Kiri’s Clown was a healthy, strong 25. His going was nothing short of a rending shock. When he colicked on Monday, he got the best possible surgery from Dr. Scott Hopper at Rood and Riddle, and it seemed he would recover. We hoped to have him with us for a long time. But Kiri succumbed to complications following the surgery.
Bred in Florida by Gardner F. Landon & Mary A. Sullivan, Kiri’s Clown was raced as a homebred by Cobble View Stable and Sulimar, trained by the legendary P. G. Johnson and ridden by Mike Luzzi, Jean Cruget and others. His wins earning more than a million dollars, and the multiple speed records he set, are recounted in the news release on our web site.
Of all his achievements, it’s his record-setting 1995 Sword Dancer Stakes that race fans remember best. In that mile and a half Grade 1 stakes on the grass, Kiri’s Clown beat a field that included Awad, Kissin Kris and other formidable contenders. It was Kiri’s kind of race. He grabbed the lead eagerly and early, and held it so firmly that it might have gone uncontested, had not Awad come powering like a rocket in one of the most incredibly fast moves ever seen on any track. Kiri saw him, dug deeper and put on more speed, then yet more to finish in the fastest time in which that prestigious race had ever been run. Here it is, the 1995 Sword Dancer Stakes:
Kiri’s Clown was consistently good through his entire racing career. In the breeding shed he made his mark too, as the damsire of three-times G1 winner Get Stormy, who now stands at Crestwood Farm in Kentucky.
The public achievements of Kiri’s Clown are indisputable, but they may not be what his visitors in retirement will remember best. Kiri arrived at Old Friends in August 2006, a month after I began volunteering on the farm. Some horses settle in at once, others take longer to get into the pleasures of retired life. At first, Kiri didn’t really want to step down. One of the first things he did was manage to get his paddock gate off its hinges, and for the next week or two he kept hoping he could do it again. That first month, he spent a lot of time just staring into the distance. “What does Kiri’s Clown want?” Michael asked Jean Cruget, who’d ridden him as a youngster. Jean shook his head. “Speed, speed and more speed,” he said. Doing Saturday tours, I’d try to get him interacting with his visitors. “Earth to Kiri!” I’d say, but he’d just accept the carrots and look into the faraway.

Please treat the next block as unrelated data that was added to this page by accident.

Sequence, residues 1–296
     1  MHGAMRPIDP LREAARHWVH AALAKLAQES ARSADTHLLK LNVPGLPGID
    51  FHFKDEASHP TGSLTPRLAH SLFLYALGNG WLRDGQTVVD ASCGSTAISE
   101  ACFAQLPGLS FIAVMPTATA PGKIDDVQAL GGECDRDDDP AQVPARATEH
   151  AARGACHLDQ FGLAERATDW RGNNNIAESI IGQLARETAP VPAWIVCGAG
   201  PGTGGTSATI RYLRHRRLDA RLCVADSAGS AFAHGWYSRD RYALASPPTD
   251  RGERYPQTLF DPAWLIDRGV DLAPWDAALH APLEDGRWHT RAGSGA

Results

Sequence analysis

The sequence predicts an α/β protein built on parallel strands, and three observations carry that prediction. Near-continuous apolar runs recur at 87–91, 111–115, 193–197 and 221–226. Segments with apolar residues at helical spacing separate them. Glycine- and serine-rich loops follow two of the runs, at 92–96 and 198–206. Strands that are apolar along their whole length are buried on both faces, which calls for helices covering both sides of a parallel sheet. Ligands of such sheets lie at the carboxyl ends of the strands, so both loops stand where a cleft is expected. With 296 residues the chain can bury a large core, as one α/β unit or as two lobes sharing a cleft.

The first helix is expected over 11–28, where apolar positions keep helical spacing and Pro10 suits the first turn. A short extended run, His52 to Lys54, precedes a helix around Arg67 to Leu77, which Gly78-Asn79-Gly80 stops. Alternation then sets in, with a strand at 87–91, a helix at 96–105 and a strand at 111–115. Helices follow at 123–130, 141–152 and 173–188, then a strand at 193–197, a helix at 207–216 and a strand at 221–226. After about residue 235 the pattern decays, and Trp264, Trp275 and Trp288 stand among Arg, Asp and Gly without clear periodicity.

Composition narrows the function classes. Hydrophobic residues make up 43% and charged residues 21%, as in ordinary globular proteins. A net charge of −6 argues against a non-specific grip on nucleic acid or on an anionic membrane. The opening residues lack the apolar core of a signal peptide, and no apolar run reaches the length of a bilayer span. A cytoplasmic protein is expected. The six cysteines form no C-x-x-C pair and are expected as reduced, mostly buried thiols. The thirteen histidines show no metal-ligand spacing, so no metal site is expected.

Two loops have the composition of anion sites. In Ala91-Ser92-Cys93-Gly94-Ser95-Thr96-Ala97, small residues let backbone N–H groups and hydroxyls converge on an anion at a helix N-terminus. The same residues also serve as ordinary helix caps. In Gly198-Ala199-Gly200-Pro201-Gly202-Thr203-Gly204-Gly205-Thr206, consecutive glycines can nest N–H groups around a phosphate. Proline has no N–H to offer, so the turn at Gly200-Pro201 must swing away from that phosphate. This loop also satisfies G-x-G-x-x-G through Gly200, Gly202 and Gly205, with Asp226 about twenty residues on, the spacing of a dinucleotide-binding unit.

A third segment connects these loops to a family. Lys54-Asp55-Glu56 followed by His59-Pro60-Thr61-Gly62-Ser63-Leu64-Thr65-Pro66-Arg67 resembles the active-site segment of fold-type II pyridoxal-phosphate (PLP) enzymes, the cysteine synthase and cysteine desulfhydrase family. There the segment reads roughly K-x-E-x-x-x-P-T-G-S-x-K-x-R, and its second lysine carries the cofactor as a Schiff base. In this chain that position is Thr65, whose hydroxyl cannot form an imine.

Then, in September, everything changed. Awad came! Kiri took one look at his old racing rival, and leapt eagerly into the here and now. From 2006 through 2010, those two were engaged in the friendship neither of them would admit was a friendship at all, but it was one of the most intense on the farm. You can’t tell me they didn’t remember each other. Horses have better memories than humans in some ways, and the Sword Dancer wasn’t the only time Kiri’s Clown and Awad squared off against each other. On June 10, 1995 in the Manhattan Handicap at Belmont, Kiri set a blistering pace only to be passed at the end by two horses, one the winner Awad. On July 29, Kiri held off Awad’s shark-quick run in the Sword Dancer. Both shipped (together? I wonder) to Chicago for the Arlington Million, where Awad won. Whatever Kiri remembered when Awad appeared, it gave retirement a purpose for him. One upping Awad could take many forms. He could impress his old rival with his stallionly fierceness, he could vie with him for carrots, and whether the two wanted to admit it or not, they spent a whole lot of time just hanging out together, right across the fence from each other. When Awad died, Kiri went in his run-in shed and didn’t come out much for three days.
But Kiri was a trooper. Life went on, and the interest and pleasure in retirement that he’d gained never left him. His name was probably inspired by a combination of his parents’ names, Kiri and Foolish Pleasure, but he rarely seemed a clown. I was always impressed by a particular innate dignity that he had, almost an aloofness, though he also had a definite graciousness. Something about him was refined, too, as if he were really, beneath the daily trivia, made of wind. The pure joy of a speeding wind.